Front Porch Blog

Wendell Berry Objects to His Alma Mater’s “Wildcat Coal Lodge”

Internationally renowned author and farmer, Kentuckian Wendell Berry, has taken back personal papers he donated to the University of Kentucky. The prolific writer made the decision after his Alma Mater, where he also taught for 19 years, named a basketball dormitory the “Wildcat Coal Lodge.”

“The University’s president and board have solemnized an alliance with the coal industry, in return for a large monetary ‘gift,’ granting to the benefactors, in effect, a co-sponsorship of the University’s basketball team,” Berry explained.

Mr. Berry has penned as many as 50 books and received multiple awards for his writing. The papers at hand are 60 cubic feet in volume – extensive enough to fill around 100 boxes – and the author plans to move them to the Kentucky Historical Society in Frankfort.

The famous Kentuckian is no fan of the coal industry and staunchly opposes mountaintop removal. In a 2005 essay entitled, Not a Vision of Our Future, But of Ourselves, he wrote:

Eastern Kentucky, in its natural endowments of timber and minerals, is the wealthiest region of our state, and it has now experienced more than a century of intense corporate “free enterprise,” with the result that it is more impoverished and has suffered more ecological damage than any other region. The worst inflictor of poverty and ecological damage has been the coal industry, which has taken from the region a wealth probably incalculable, and has imposed the highest and most burdening “costs of production” upon the land and the people. Many of these costs are, in the nature of things, not repayable. Some were paid by people now dead and beyond the reach of compensation. Some are scars on the land that will not be healed in any length of time imaginable by humans.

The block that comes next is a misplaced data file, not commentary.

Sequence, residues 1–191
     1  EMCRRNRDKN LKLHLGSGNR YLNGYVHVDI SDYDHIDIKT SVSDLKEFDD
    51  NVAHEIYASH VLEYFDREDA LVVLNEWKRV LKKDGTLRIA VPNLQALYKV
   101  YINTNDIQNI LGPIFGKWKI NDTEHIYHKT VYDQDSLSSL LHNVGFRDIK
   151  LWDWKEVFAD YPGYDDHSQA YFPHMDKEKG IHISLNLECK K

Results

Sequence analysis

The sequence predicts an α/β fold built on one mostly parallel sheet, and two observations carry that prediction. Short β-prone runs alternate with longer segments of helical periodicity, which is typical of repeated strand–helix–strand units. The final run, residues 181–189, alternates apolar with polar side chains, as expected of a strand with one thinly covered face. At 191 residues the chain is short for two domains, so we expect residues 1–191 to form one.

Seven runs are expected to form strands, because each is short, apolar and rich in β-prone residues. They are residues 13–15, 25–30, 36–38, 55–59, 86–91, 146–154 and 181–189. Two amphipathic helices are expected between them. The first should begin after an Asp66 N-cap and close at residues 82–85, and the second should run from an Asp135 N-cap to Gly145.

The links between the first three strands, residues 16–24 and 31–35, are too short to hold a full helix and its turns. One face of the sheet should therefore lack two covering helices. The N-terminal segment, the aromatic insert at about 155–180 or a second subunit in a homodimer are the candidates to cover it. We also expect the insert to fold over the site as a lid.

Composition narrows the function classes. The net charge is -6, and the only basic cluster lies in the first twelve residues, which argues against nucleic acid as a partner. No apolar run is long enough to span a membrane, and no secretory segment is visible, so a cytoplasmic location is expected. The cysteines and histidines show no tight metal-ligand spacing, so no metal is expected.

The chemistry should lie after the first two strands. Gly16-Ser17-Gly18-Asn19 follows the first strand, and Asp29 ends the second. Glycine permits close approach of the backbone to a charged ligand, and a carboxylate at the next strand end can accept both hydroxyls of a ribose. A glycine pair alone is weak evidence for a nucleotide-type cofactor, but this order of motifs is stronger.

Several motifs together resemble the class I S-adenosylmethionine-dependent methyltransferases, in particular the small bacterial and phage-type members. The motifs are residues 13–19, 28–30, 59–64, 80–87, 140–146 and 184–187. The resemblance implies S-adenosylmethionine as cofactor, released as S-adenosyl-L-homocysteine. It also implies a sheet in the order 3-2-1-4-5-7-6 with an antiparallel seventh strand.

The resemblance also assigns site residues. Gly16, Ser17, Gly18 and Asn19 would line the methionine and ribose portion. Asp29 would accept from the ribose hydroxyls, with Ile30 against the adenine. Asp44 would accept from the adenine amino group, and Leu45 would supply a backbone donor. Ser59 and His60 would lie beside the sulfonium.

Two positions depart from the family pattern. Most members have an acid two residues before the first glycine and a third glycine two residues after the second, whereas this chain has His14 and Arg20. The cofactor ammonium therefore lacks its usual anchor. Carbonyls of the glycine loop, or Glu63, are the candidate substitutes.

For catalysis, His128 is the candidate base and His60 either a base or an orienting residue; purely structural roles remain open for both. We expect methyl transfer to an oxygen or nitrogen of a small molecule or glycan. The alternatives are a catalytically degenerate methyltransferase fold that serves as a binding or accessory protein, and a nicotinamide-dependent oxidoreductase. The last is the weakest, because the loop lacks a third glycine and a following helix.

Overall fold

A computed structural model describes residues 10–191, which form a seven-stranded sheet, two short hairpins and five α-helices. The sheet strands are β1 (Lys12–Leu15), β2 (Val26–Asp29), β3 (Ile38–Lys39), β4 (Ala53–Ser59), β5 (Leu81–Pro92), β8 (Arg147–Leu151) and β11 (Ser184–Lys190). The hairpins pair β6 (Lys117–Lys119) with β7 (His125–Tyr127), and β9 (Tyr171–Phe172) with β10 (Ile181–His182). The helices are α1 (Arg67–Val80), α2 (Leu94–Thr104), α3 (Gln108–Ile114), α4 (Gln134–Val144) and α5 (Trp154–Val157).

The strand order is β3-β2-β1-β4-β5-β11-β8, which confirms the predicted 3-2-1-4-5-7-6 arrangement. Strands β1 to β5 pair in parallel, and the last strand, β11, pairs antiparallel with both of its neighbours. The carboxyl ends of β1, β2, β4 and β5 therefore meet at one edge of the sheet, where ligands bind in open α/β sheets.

The author goes on to say:

If Kentuckians, upstream and down, ever fulfill their responsibilities to the precious things they have been given—the forests, the soils, and the streams—they will do so because they will have accepted a truth that they are going to find hard: the forests, the soils and the streams are worth far more than the coal for which they are now being destroyed.

Click here to read his entire essay.

At present, Mr. Berry is focused on promoting Wes Jackson’s 50-Year Farm Bill (pdf) and working to stop mountaintop removal. The author was recently featured in a special issue of Solutions journal, dedicated to ideas for a brighter future in Appalachia.





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